Hello, I’m Mitchell Slep, a developer on the Visual C++ compiler team. I’m very excited to tell you about a new feature in Visual Studio 2010 - C++ IntelliSense can now display compiler-quality syntax and semantic errors as you browse and edit your code!
We display a wavy underline or “squiggle” in your code at the location of the error. Hovering over the squiggle will show you the error message. We also show the error in the Error List window. The squiggles are great for showing you errors in the code you are currently viewing or editing, whereas the Error List window can help you find problems elsewhere in the translation unit, all without doing a build.
We had two scenarios in mind when designing this feature. One is of course productivity – it’s very convenient to be able to fix errors as they happen instead of waiting to discover them after a build, which can save you a lot of time. We also wanted to improve the experience when IntelliSense doesn’t work. IntelliSense has always been a black box – it often worked well, but if it didn’t, you had no idea why. Now IntelliSense has a powerful feedback mechanism that allows you take corrective action – either by fixing errors in your code or making sure your project is configured correctly.
One decision we had to make when designing this feature was how often to update the errors as you edit your code. If we don’t do it often enough, the errors quickly become out of date and irrelevant. But doing it too often can also lead to irrelevant results, like a squiggle under ‘vect’ while you’re in the middle of typing ‘vector’! We also don’t want to hog your CPU with constant background parsing.
We found that a good balance was to wait for 1 second of idle time after you edit or navigate to a new part of the code before beginning to update the errors. In this case ‘idle’ means that you haven’t typed anything and you haven’t navigated to a different part of the code.
We also experimented with some different designs for what to do with existing errors during the short window of time between when you make an edit and when the newly updated errors are available. For instance, one design we tried was to clear all squiggles on the screen immediately after an edit, and then redraw the new errors when they are available. We also considered a variant of this where we only clear the squiggles on the lines below the location of your edit (since making an edit can generally only affect code appearing after it). These designs have the advantage that you never see a stale squiggle, but in usability studies we found that this produced an annoying flickering affect, and also some confusion as to whether a squiggle disappeared because it was fixed or because it was just temporarily being updated. The design we went with was to leave existing squiggles in place after an edit, and then swap them with the new errors when they are available. This works well since the updates are very fast.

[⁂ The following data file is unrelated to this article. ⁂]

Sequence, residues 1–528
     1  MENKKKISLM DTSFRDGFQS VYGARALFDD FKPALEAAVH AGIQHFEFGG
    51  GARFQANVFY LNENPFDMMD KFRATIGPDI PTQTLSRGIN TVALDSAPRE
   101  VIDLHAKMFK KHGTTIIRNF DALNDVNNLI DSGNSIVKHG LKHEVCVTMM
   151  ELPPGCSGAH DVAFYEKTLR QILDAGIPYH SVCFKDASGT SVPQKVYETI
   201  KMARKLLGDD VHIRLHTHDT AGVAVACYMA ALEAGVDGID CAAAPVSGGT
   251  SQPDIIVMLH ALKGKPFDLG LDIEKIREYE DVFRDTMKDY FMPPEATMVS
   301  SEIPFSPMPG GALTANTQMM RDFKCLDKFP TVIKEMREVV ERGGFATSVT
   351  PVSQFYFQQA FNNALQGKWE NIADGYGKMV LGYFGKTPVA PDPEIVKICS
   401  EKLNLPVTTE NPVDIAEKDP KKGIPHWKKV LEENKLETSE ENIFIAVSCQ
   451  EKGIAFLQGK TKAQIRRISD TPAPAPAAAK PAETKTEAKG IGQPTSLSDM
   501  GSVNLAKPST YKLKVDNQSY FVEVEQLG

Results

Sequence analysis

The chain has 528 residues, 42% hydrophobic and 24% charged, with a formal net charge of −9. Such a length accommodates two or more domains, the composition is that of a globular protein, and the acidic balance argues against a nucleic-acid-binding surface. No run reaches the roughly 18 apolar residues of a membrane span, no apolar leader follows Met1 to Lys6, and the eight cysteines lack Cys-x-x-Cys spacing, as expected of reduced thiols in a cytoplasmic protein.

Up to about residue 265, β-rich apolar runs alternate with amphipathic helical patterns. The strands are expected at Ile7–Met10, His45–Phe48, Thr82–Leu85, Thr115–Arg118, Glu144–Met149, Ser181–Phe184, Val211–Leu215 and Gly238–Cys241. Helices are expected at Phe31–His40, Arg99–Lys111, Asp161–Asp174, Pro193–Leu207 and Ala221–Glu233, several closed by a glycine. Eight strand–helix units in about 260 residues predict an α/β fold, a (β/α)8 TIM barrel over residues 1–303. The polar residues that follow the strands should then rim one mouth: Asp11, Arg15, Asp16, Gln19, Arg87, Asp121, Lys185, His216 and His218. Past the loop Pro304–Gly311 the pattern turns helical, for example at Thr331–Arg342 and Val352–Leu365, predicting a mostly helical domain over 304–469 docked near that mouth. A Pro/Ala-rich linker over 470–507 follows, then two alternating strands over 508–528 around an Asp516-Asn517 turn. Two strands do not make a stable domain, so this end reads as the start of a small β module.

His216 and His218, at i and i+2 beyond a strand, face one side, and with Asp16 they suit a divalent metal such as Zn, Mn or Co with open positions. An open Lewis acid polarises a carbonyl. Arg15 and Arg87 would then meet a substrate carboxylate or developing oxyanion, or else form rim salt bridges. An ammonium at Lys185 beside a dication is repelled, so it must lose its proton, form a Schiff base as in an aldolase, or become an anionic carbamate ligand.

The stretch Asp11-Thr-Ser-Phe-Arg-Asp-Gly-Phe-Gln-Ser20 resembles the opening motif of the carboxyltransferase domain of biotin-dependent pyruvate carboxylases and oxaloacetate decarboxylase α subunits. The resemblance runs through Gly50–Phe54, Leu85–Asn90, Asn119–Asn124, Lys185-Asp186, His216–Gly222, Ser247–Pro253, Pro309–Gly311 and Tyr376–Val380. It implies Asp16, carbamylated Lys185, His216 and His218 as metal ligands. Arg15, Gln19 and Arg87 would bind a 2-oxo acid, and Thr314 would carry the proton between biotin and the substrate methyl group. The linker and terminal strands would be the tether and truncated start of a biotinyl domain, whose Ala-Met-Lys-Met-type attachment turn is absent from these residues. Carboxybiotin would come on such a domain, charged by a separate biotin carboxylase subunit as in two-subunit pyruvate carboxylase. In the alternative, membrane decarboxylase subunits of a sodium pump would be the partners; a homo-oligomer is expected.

One of the technical challenges with this feature was making it fast. As many of you know, large C++ projects can often take several hours to build. One of the ways we get around this is by having IntelliSense focus on a single translation unit at a time (a translation unit is a .cpp file plus all of its included headers). However, even that didn’t give us the kind of responsiveness we wanted for a live-compilation feature like squiggles.
To get even better performance, we’ve developed some innovate incremental parsing techniques that minimize the amount of code we need to parse. This allows IntelliSense to parse your code much faster than the time it would take to do an actual build (or even the time it would take to compile a single .cpp file). The ideas are simple, but are challenging to implement in a complex, context-sensitive language like C++.
When you first open a file, we parse just enough code to build up a global symbol table, skipping over a lot of code (like function-bodies) that only introduces local symbols. Once we’ve built up the symbol table, we lazily parse the code that we skipped “on-demand”. For instance, we only parse the inside of a function body when you actually view it on the screen. If you make changes inside a function body, we are able to reparse just that function body. Of course, all of this only happens during idle time, as described above. These parsing techniques allow us to show you fast, relevant errors even as you edit large, complex code bases.
If your solution already builds with Visual Studio, you will immediately benefit from having accurate syntax and semantic errors reported by IntelliSense as you browse and edit your code. But this feature is also good news for those of you with external build systems. The IntelliSense errors in the Error List window can guide you towards setting up a solution with accurate IntelliSense. For instance, if you load up a solution configured for an external build system, you might see something like this: